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Update on Oroville Facilities

Lake Oroville and Oroville Dam in Butte County are part of the State Water Project and an important source of water for Southern California.  The Metropolitan Water District is the largest of the state water contractors and imports about 30% of the Southland's water supplies from Northern California.

Oroville's main spillway suffered severe damage in February 2017 when flood control releases from the lake eroded sections of the concrete channel.  The subsequent use of an emergency spillway created erosion concerns that prompted an evacuation of communities downstream.  Recovery efforts included work on both the main flood control spillway and the emergency spillway to accommodate flows from winter storms.

As of June 27, 2018, DWR crews are continuing foundation cleaning and leveling concrete to prepare for placement of structural concrete walls and slabs.  Slab anchor drilling on the middle chute, hydro-blasting of the energy dissipaters at the bottom of the main spillway is complete.  Mechanical demolition will continue to prepare for more concrete slab placement.  Nov. 1, 2018 is a DWR public safety construction milestone to complete major work and placement of all concrete on the main spillway.  Additional work, including dry finishing and curing of concrete, joint sealing, connecting drainage systems, backfilling side walls, and site clean-up on the main spillway will continue after Nov. 1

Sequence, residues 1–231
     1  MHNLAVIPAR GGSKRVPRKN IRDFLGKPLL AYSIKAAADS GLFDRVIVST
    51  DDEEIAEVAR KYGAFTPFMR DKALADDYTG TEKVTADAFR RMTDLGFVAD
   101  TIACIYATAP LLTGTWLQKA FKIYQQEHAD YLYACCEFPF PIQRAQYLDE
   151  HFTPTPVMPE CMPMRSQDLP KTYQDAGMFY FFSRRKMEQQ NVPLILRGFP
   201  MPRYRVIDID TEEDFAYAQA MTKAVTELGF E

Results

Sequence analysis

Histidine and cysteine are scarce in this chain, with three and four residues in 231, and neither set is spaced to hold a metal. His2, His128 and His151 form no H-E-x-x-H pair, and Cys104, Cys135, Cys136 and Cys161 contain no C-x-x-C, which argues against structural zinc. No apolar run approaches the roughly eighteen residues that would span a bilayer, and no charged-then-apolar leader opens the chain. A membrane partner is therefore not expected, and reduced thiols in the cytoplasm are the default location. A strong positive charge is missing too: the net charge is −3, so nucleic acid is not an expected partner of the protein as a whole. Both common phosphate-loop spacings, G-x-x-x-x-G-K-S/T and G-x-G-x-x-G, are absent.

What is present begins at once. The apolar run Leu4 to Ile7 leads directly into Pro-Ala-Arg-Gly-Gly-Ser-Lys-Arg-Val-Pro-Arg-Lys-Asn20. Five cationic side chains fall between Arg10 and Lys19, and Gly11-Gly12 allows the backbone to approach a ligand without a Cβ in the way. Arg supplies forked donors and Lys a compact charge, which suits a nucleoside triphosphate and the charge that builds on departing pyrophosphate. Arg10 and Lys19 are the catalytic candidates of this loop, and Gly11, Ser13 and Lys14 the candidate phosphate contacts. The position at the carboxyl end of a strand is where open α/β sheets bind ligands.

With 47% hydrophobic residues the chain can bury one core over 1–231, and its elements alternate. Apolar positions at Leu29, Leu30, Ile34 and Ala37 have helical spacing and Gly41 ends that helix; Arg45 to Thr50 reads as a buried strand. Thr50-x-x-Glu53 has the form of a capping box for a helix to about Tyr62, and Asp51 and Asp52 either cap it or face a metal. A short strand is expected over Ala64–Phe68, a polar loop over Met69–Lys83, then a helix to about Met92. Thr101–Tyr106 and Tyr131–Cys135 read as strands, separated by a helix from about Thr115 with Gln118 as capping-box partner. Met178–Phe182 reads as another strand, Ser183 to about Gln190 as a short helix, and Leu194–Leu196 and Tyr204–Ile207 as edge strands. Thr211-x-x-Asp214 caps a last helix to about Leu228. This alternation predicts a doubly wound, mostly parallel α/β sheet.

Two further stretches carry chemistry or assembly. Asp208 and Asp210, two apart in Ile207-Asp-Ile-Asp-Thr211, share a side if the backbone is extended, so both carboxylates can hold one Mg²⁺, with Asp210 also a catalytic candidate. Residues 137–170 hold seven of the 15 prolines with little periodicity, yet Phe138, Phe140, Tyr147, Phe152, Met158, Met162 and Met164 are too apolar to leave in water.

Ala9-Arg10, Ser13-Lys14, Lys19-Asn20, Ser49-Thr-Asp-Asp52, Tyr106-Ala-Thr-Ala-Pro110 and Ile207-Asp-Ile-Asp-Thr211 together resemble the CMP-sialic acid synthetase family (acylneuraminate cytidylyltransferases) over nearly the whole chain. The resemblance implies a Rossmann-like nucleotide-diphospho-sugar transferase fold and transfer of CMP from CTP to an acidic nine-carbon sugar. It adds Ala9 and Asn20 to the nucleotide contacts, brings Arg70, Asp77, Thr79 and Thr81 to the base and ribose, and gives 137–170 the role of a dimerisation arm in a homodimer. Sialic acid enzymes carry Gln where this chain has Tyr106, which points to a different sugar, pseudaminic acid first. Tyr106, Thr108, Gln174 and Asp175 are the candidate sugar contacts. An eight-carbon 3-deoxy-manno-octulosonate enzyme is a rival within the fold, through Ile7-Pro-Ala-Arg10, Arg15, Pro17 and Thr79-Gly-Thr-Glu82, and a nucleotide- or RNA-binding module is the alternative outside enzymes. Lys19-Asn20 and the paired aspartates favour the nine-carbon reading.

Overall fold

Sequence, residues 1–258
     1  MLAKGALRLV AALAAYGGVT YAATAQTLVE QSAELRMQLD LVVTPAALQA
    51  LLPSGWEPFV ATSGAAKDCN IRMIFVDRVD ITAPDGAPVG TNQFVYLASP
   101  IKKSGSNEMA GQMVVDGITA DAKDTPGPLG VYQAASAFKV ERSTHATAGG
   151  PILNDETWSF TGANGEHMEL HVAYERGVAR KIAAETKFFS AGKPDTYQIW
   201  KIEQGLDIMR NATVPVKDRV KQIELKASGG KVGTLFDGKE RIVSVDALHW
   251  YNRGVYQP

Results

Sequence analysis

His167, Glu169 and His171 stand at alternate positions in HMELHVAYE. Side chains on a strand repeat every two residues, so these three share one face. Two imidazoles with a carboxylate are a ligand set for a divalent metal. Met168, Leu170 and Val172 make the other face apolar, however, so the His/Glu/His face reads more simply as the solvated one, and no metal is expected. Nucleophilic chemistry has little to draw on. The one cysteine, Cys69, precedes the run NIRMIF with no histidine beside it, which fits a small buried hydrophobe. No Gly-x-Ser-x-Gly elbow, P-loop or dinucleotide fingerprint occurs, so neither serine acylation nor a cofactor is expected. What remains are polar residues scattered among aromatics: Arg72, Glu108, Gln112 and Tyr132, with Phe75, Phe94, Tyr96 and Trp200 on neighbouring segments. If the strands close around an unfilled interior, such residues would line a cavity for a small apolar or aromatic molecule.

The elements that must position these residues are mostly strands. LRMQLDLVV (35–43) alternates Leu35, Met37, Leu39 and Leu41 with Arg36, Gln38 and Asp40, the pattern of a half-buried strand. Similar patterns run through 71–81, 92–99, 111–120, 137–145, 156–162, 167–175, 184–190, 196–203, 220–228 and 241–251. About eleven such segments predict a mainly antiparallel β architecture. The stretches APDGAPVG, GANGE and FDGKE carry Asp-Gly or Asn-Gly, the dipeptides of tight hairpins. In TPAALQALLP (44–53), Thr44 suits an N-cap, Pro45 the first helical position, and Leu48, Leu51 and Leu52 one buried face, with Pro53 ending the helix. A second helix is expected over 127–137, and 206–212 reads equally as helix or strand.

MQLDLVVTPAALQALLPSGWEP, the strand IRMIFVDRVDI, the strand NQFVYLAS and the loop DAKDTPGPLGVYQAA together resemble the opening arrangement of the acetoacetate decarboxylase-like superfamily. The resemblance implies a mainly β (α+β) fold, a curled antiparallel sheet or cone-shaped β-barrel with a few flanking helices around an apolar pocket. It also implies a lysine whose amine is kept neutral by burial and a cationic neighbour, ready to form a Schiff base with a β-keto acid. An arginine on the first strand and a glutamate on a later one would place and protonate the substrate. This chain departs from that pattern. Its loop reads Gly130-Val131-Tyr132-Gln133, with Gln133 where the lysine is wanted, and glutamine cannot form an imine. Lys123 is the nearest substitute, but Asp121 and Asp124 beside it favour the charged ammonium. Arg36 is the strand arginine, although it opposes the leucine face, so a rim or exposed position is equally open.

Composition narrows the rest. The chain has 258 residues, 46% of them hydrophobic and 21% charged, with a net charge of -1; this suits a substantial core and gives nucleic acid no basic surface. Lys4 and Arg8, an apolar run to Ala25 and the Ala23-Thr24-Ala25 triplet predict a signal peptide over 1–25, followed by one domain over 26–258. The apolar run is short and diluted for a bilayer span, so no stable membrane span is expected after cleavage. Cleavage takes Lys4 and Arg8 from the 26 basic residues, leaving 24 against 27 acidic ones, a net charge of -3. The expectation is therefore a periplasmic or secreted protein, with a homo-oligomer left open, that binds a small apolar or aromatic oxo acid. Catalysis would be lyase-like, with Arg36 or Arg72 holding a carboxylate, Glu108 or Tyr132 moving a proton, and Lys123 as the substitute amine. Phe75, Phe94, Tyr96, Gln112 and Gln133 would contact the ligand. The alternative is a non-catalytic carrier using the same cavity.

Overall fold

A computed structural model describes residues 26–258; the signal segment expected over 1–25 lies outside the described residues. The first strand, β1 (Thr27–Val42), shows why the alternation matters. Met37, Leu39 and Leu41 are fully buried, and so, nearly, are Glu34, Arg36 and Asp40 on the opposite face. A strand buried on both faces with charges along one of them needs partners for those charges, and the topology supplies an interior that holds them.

DWR collaborates with regulatory agencies and a Board of Consultants on the Oroville Spillways design and construction project.  Metropolitan has no direct role in the review or implementation of these projects.  However, Metropolitan continues to work with DWR on operational issues and future activities at the Oroville facilities in general.

 

Overview of Oroville Facilities, Regulations and Licensing Process

Media reports have stated that Metropolitan and other state water contractors objected to improvements to Oroville's emergency spillway during a Federal Energy Regulatory Commission (FERC) dam relicensing process due to the potential costs. These reports are erroneous. MWD raised no issues regarding the costs of armoring the emergency spillway.

The State Water Contractors, an association of public water agencies including Metropolitan Water District, has prepared a fact sheet on the Oroville facilities that includes a timeline of recent events, how the facilities are regulated, and background on the licensing process and safety issues. 

State Water Contractors fact sheet

 

No Immediate Impact on Southern California Water Supplies

Water is continuing to be released from Lake Oroville into the river systems that supply the State Water Project.  Wet conditions throughout the state are enabling Metropolitan and other water agencies to meet not just current needs, but to replenish reservoirs and groundwater basins. 

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